The 1.5 constant is a fixed value in the equation that does not change. It is multiplied by the HCO3- value in order to help calculate the expected PaCO2 range.

8 Constant

The 8 constant is another fixed value in the equation that does not change. After the HCO3- value has been multiplied by 1.5, the 8 constant is added to help calculate the expected PaCO2.

± 2 Constant

The ± 2 constant in the equation represents the standard deviation of the expected PaCO2. Therefore, the expected PaCO2 range is plus or minus two from the result calculated with Winters’ formula.

It the measured PaCO2 is within this range, it confirms respiratory compensation and pure metabolic acidosis.

Types of Acid-Base Disorders

There are four primary types of acid-base disorders:

  1. Metabolic acidosis
  2. Metabolic alkalosis
  3. Respiratory acidosis
  4. Respiratory alkalosis

Each type of disorder is caused by a different problem. For example, metabolic disorders are caused by an imbalance in the body’s ability to maintain proper pH levels.

Respiratory disorders, on the other hand, occur when the lungs remove too much or too little CO2 due to problems with ventilation.

Metabolic Acidosis

Metabolic acidosis is a condition where the blood pH is decreased, the PaCO2 is normal, and the HCO3- is decreased. This occurs when the body produces too much acid or when the kidneys are not able to remove enough acid from the blood.

When metabolic acidosis is present, it forces the lungs to work harder to exhale more CO2. This helps to offset the acidosis in order to bring the pH back within the normal range, which is known as respiratory compensation.

Metabolic Alkalosis

Metabolic alkalosis is a condition where the blood pH is increased, the PaCO2 is normal, and the HCO3- is increased. This occurs when there is an excess of bicarbonate in the blood.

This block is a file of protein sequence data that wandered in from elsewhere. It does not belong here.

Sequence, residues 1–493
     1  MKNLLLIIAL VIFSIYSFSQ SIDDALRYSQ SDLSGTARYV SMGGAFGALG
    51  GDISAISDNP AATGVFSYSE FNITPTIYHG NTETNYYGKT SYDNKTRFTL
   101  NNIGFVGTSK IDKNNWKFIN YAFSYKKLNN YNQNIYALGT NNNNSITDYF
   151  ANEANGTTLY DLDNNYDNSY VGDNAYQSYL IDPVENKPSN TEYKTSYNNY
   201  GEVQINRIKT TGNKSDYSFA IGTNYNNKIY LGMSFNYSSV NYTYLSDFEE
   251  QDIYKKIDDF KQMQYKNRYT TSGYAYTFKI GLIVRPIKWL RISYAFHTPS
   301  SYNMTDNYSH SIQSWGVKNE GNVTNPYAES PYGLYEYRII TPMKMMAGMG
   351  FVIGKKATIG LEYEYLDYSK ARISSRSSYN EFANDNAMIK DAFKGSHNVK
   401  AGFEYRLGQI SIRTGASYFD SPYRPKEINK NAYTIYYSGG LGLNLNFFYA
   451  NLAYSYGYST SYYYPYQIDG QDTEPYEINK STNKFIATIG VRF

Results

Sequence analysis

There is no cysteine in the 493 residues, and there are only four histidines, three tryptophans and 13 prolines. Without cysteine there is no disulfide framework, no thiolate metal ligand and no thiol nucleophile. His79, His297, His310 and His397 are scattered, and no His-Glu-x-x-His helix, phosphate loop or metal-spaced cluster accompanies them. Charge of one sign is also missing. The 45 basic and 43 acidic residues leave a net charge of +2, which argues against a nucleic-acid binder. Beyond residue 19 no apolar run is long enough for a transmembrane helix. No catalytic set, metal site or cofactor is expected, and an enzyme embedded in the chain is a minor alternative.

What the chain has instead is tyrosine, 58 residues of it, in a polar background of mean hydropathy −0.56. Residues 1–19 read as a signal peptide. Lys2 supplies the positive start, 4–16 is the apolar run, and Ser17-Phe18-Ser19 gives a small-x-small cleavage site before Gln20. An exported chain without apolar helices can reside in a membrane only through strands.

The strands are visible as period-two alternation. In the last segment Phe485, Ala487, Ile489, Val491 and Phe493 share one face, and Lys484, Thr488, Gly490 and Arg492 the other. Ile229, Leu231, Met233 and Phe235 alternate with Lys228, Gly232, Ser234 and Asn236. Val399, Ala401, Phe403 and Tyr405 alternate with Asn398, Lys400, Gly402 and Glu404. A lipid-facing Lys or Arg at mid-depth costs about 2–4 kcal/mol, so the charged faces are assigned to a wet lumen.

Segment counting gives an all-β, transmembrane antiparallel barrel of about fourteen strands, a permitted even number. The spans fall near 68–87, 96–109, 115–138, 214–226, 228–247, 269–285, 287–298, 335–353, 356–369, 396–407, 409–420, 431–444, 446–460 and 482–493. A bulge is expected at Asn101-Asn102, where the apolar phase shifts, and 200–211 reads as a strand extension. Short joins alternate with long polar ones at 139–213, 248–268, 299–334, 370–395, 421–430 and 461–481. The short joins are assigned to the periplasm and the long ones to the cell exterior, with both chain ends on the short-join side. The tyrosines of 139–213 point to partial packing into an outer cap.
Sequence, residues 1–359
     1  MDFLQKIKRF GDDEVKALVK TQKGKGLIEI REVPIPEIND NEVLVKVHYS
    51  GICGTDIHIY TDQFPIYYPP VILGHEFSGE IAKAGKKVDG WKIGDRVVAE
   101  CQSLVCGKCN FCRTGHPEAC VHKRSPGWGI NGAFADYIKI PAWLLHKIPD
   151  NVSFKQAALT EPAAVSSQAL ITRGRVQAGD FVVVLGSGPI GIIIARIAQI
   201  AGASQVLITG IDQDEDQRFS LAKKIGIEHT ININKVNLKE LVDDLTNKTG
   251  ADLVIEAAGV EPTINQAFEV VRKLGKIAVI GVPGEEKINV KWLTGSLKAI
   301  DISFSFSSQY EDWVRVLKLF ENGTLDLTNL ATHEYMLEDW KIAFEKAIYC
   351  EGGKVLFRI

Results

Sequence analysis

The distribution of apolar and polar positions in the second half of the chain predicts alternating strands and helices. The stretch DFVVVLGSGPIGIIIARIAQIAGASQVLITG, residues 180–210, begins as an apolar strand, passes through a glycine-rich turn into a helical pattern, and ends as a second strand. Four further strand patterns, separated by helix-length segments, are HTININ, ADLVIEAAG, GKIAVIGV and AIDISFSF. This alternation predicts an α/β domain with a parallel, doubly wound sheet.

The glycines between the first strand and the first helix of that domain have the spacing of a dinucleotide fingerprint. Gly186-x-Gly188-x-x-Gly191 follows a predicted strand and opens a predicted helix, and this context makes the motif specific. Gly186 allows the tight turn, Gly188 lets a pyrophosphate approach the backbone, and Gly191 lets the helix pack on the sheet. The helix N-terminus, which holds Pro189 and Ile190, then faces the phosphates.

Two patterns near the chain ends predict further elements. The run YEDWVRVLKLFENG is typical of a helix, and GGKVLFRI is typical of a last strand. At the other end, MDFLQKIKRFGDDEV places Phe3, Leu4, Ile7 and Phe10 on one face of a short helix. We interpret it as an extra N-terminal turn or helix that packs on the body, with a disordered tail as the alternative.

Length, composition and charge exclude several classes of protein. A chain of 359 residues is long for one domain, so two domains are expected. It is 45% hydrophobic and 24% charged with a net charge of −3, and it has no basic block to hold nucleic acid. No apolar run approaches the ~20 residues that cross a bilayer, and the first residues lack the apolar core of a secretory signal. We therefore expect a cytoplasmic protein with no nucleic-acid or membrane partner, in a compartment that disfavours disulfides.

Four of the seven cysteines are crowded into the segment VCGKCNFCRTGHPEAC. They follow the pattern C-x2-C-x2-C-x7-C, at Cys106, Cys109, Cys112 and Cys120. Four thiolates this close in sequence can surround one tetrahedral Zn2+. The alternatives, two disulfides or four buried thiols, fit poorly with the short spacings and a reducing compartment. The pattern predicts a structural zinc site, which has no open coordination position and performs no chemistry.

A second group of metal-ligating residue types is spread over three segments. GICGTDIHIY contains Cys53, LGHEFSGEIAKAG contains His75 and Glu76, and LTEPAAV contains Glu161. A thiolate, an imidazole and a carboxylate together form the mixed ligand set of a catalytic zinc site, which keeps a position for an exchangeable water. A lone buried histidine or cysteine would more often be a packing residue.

Some of the most common causes of metabolic alkalosis include a loss of stomach acid, diuretic medications, and hypokalemia.

Respiratory Alkalosis

Respiratory alkalosis is a condition where the blood pH is increased, the PaCO2 is decreased, and the HCO3- is normal. This occurs when there is too much CO2 being removed from the blood by the lungs.

Respiratory alkalosis is caused by hyperventilation, which occurs due to factors such as anxiety, pain, or fever.

Respiratory Acidosis

Respiratory acidosis is a condition where the blood pH is decreased, the PaCO2 is increased, and the HCO3- is normal. This occurs when there is too little CO2 being removed from the blood by the lungs.

Respiratory acidosis is caused by hypoventilation, which occurs due to factors such as lung disorders, obesity, and sleep apnea.

What is Respiratory Compensation?

Respiratory compensation is the body’s way of trying to maintain a normal pH level when a metabolic acid-base disorder is present.

In order to do this, the lungs will either remove more CO2 from the blood (in the case of metabolic acidosis) or less CO2 from the blood (in the case of metabolic alkalosis).

This helps to offset the acid-base imbalance and bring the pH level back into the normal range (7.35–7.45).

Winters’ Formula Practice Examples

One of the most effective ways to learn how to use Winters’ formula is to practice inserting patient data into the equation. Let’s walk through a few example scenarios:

Example #1

A patient has the following arterial blood gas results:

  • pH = 7.34
  • PaCO2 = 28 mmHg
  • HCO3- = 14 mEq/L

The pH is slightly decreased and falls outside of the normal range. The PaCO2 and HCO3- are both decreased as well.